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May 28, 2012

Gone to Pot... Summer 2012

I wonder how much gardening has altered over the last sixty years since Queen Elizabeth II's accession to the throne on 6 February 1952. Well, of course the actual method of gardening has not changed - we still sow, reap and harvest. Although scarcely old enough to remember the actual event, on Coronation Day in 1953 (honest!), I do remember what seemed like a host of people crowded round a nine inch television set watching the ceremony in black and white, eating a coronation cake baked specially by my mother. I also have in mind a patriotic colour scheme of our garden - blue lobelia alternating with white alyssum, at the edge of the border backed by a row of red salvias. All these plants faithfully carried home from the local nursery (sadly now a block of flats) and planted out like Grenadier Guards on parade. I digress, but this reminds me of going to see the Trooping of the Colour in the mid 50's on a blisteringly hot day, where the highlight (for me anyway) was the sight of guardsmen dropping like flies, ram rod straight, in a dead faint.

I was lucky enough to see the coronation twice as the school took the children to see the newsreel at the local theatre with the news of the ascent of Everest by New Zealander Edmund Hillary and the Sherpa Norgay Tensing. Tensing was photographed by Hillary on the summit holding a string of flags which included the Union Jack, the Nepalese and United Nations flags.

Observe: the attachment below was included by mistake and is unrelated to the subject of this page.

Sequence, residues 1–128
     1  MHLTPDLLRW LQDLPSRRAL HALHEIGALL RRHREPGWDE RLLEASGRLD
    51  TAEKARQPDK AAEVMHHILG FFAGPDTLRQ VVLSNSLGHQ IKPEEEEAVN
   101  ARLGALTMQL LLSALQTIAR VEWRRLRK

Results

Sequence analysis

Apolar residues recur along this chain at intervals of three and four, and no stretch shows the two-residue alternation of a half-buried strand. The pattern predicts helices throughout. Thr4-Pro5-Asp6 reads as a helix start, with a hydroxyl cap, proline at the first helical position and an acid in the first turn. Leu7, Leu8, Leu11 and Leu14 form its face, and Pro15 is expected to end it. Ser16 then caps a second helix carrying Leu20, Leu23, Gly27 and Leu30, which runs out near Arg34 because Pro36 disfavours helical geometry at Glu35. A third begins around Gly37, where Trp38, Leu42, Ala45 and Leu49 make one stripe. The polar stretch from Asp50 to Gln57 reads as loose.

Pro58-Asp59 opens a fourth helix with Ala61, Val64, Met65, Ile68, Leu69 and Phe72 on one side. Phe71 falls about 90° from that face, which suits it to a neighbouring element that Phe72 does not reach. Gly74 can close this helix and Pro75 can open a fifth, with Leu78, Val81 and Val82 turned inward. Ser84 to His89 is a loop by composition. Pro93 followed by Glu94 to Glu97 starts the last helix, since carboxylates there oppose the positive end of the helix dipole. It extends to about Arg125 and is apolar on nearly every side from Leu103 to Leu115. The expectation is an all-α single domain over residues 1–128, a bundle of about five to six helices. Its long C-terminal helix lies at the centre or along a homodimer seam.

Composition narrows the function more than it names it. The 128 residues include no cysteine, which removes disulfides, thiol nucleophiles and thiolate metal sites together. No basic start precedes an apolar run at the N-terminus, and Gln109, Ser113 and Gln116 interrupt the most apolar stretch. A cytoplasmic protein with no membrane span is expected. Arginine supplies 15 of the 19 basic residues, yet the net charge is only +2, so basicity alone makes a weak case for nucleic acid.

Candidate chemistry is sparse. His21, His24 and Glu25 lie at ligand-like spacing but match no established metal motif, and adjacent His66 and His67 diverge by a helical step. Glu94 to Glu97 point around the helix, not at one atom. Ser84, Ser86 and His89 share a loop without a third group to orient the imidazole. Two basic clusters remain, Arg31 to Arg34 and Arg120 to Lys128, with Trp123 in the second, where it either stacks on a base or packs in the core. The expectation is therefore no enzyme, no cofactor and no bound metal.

With the Jubilee and the Olympics following hot on its heels, I thought I would get into the spirit of the occasion and have red, white and blue petunias in pots by the front door. As we are now facing a severe drought I shall have to be very economical with my watering and save as much water from the kitchen as possible.

I once had a hedge of Queen (or perhaps Princess) Elizabeth roses and wish they had had the boundless energy of our Queen - for many years I nurtured them or perhaps it was neglect as they reached their allotted life span and left a huge gap in the garden. The same cannot be said for their namesake who has given us continued pleasure and a tradition so many countries envy.

Roses are synonymous with June! Omar Khayyam, a poet, mathematician and astronomer, born in Nishapur in Persia, wrote in his Rubaiyat:

"Look at the rose that blows about us - Lo
Laughing she says 'into the world I blow'
At once the silken tassel if my purse
Tear, and its treasure on the garden throw"

The birthplace of the cultivated rose was probably northern Persia, on the Caspian, Faristan, on the Gulf of Persia. It spread across Mesopotamia, Asia Minor and to Greece. The Greeks brought it to southern Italy and the Romans spread it across their Europe. Roman brides and their bridegrooms were crowned with roses. I wonder if this is where the tradition of throwing confetti over a newly married couple originated?

Certainly they are biodegradable, so the Verger does not have to rush around after a wedding sweeping up all over the paper bits and the bride does not get bruised and battered having half a pound of rice flung at her. Perhaps this gives rise to the saying 'life is a bed of roses' for that is what we wish all newly weds.

Enjoy the coming celebrations!

Floreat Hortus